TEGUCIGALPA, Honduras, May 2, 2017 /PRNewswire/ -- Homicides have declined 30 percent in Honduras, according to the most recent government data, announced last week by President Juan Orlando Hernández.
Hernández also gave an update on Operation Arpía 2, wherein 384 prisoners were transferred from various penitentiaries to El Pozo, which will house Honduras's most dangerous prisoners.
Operation Arpía is the highest-impact operation undertaken in Latin America. Earlier this year, authorities transferred 755 detainees who were members of two enemy criminal gangs, Mara Salvatrucha and Pandilla 18. Under Operations Arpía 1 and 2, one-third of the prison population at San Pedro Sula has been relocated.
The operations also yielded a 45 percent reduction in extortion crimes, the seventh-most common reason for incarceration in Honduras.
President Hernández attributed the reduction in crime to reforms passed by Honduras's National Congress last February, the prisoner transfer program, and the Government's law enforcement efforts, especially those of judicial officials, the National Anti-Extortion Force, and the National Inter-Agency Security Force (Fusina).
In 2016, Honduras's homicide rate was 59 per 100,000 residents, according to the Violence Observatory at the National Autonomous University of Honduras.
"This means that Fusina was correct to propose these reforms, and that Congress did what needed to be done when it passed them," said Hernández.
He added that Arpía 2 "was a successful and noteworthy operation, showing not only our political will but also the Honduran State's new capabilities."
Migration and Security
Hernández said that Central America, particularly Honduras, continues to be important to U.S. interests.
"I want to share what, to me, is an important element of the United States' immigration policy, the subject of security; how the Trump Administration sees this subject; and what Honduras and the Central American and Mesoamerican region mean for the security of the United States," he said.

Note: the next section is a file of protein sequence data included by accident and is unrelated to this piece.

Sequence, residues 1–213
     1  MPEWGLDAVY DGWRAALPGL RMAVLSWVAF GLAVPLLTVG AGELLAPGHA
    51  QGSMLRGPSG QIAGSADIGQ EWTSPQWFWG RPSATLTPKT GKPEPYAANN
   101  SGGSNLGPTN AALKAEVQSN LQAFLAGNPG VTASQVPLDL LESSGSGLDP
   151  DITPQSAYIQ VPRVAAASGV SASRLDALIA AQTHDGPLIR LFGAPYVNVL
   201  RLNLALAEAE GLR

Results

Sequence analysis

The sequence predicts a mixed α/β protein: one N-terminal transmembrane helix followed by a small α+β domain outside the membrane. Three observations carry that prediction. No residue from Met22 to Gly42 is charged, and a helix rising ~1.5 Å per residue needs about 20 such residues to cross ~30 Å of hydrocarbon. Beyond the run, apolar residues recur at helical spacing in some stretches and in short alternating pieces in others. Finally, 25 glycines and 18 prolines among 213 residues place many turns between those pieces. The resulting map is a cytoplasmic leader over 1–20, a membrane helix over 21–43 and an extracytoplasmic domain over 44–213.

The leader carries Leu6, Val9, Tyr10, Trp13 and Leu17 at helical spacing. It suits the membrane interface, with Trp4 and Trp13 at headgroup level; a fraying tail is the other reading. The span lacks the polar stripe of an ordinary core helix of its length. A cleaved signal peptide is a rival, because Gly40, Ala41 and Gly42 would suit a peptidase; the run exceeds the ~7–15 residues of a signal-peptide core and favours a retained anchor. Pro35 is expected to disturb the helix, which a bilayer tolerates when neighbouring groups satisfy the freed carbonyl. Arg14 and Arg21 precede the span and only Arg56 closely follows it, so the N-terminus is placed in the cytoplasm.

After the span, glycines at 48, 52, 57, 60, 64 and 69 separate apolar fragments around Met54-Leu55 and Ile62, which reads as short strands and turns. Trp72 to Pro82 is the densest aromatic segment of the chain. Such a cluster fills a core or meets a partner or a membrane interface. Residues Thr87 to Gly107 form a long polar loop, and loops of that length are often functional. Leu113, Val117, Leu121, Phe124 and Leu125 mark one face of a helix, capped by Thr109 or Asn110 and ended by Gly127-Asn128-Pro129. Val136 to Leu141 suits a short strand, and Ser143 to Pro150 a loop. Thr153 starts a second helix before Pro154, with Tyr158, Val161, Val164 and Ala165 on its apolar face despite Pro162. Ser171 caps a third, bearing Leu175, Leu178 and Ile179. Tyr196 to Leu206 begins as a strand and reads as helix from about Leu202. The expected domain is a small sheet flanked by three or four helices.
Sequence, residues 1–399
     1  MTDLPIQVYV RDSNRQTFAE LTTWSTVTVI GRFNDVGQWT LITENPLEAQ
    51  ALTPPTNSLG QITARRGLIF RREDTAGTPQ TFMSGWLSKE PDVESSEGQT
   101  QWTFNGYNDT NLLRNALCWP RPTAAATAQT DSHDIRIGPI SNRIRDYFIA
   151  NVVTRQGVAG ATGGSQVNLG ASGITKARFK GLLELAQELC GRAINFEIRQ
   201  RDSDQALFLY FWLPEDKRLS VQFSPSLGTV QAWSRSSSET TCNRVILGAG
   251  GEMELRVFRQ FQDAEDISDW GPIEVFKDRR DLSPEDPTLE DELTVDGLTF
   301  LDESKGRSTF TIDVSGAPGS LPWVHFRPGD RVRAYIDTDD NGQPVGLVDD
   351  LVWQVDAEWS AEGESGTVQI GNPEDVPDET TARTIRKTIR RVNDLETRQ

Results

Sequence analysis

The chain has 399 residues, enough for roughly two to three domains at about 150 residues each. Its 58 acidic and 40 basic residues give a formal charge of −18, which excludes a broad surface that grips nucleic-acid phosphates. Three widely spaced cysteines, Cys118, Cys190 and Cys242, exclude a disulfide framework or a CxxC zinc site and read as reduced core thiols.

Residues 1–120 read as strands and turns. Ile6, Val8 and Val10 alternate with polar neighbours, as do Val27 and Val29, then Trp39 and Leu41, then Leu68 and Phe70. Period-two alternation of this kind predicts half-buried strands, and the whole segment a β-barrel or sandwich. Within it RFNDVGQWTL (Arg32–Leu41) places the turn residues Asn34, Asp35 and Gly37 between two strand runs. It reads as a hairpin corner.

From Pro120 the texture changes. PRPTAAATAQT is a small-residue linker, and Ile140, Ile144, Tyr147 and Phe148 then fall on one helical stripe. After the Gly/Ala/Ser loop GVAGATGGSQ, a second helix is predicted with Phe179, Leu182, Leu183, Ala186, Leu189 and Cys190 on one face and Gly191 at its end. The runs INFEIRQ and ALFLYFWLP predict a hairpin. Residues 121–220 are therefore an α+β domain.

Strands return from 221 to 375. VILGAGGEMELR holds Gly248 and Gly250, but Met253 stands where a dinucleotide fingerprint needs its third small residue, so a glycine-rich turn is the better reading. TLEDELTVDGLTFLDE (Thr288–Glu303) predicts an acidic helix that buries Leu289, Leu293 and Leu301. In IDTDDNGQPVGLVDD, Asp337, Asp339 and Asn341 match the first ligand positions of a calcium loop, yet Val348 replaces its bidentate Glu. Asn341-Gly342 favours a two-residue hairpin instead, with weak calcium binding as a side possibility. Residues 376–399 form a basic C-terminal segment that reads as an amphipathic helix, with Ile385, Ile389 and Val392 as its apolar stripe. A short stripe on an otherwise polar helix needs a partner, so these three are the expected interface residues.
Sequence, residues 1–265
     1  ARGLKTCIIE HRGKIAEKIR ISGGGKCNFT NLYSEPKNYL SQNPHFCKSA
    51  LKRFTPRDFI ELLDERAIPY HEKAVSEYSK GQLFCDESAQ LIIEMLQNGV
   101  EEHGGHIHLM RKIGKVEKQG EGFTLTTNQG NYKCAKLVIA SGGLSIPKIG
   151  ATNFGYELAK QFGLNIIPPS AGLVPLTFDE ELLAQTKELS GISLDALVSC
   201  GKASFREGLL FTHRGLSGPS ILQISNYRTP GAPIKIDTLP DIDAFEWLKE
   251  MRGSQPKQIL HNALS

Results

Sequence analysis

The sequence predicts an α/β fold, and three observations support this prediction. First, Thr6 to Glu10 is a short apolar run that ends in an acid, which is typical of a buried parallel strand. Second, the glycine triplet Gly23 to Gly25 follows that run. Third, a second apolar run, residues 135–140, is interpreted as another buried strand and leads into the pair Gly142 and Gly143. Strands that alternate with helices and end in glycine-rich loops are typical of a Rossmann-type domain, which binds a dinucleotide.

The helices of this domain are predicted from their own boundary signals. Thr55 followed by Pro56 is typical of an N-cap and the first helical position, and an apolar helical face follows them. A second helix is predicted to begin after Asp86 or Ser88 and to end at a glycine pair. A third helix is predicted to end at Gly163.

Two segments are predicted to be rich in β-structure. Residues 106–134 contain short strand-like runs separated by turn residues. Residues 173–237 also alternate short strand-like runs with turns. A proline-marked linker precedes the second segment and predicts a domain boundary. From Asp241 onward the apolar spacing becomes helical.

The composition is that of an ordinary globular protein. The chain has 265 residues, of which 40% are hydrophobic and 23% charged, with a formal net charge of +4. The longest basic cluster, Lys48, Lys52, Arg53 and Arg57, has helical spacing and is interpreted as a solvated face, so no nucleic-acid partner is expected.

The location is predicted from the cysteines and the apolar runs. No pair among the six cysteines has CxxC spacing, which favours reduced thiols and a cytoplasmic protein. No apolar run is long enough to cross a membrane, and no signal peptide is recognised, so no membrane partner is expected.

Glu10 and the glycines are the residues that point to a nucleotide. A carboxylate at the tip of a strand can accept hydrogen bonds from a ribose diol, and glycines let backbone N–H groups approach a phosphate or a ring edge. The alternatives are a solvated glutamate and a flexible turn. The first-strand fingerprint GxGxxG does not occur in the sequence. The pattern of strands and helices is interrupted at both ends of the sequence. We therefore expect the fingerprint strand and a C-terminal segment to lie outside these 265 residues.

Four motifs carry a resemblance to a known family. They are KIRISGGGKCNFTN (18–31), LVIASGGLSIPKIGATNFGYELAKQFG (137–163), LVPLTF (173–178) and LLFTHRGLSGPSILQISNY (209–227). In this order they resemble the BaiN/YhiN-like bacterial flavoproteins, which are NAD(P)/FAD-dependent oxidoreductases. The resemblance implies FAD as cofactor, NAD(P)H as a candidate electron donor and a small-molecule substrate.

He referred to a speech U.S. Secretary of Homeland Security John Kelly recently gave at George Washington University. "He clearly identified there how the new U.S. Administration sees the subject of security and immigration," said Hernández.
Kelly said, "But it's not enough to tackle the problems here at home . . . Border security starts 1,500 miles to the south of the United States with incredible partners like Colombia, the Central American countries, and Mexico."
Kelly added, "A stable country needs a strong, accountable government that protects its citizens, upholds the rule of law, and expands economic opportunity for all its people. Without this, countries fail, and their people flee."
When asked about the 30 percent decrease in U.S. assistance to countries in the Central American Northern Triangle, Hernández said, "If we receive assistance, it will be welcomed, but if not, there are things that only we as Hondurans are going to make a priority."
Hernández stated that, in his most recent working trip to Washington, U.S. Secretary of State Rex Tillerson confirmed that President Trump had requested a 30 percent reduction in aid for Central American countries, which some members of Congress supported and others opposed.
In response to this extreme action, Hernández said, "This is a very sovereign decision by the United States."
Support for Law Enforcement Should Continue
Hernández also stated that the establishment of a Tri-National Force -- from Honduras, Guatemala, and El Salvador -- to fight crime was a Honduran initiative, before President Trump was inaugurated.
He highlighted the advancements that Honduras and the region have made in this area and what that means for the United States, given that President Trump promised to combat criminal gangs.
Hernández said that law enforcement operations should be executed jointly, with mutual assistance among all affected countries, including the United States. "United, we are stronger and more effective," he said.
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SOURCE Republic of Honduras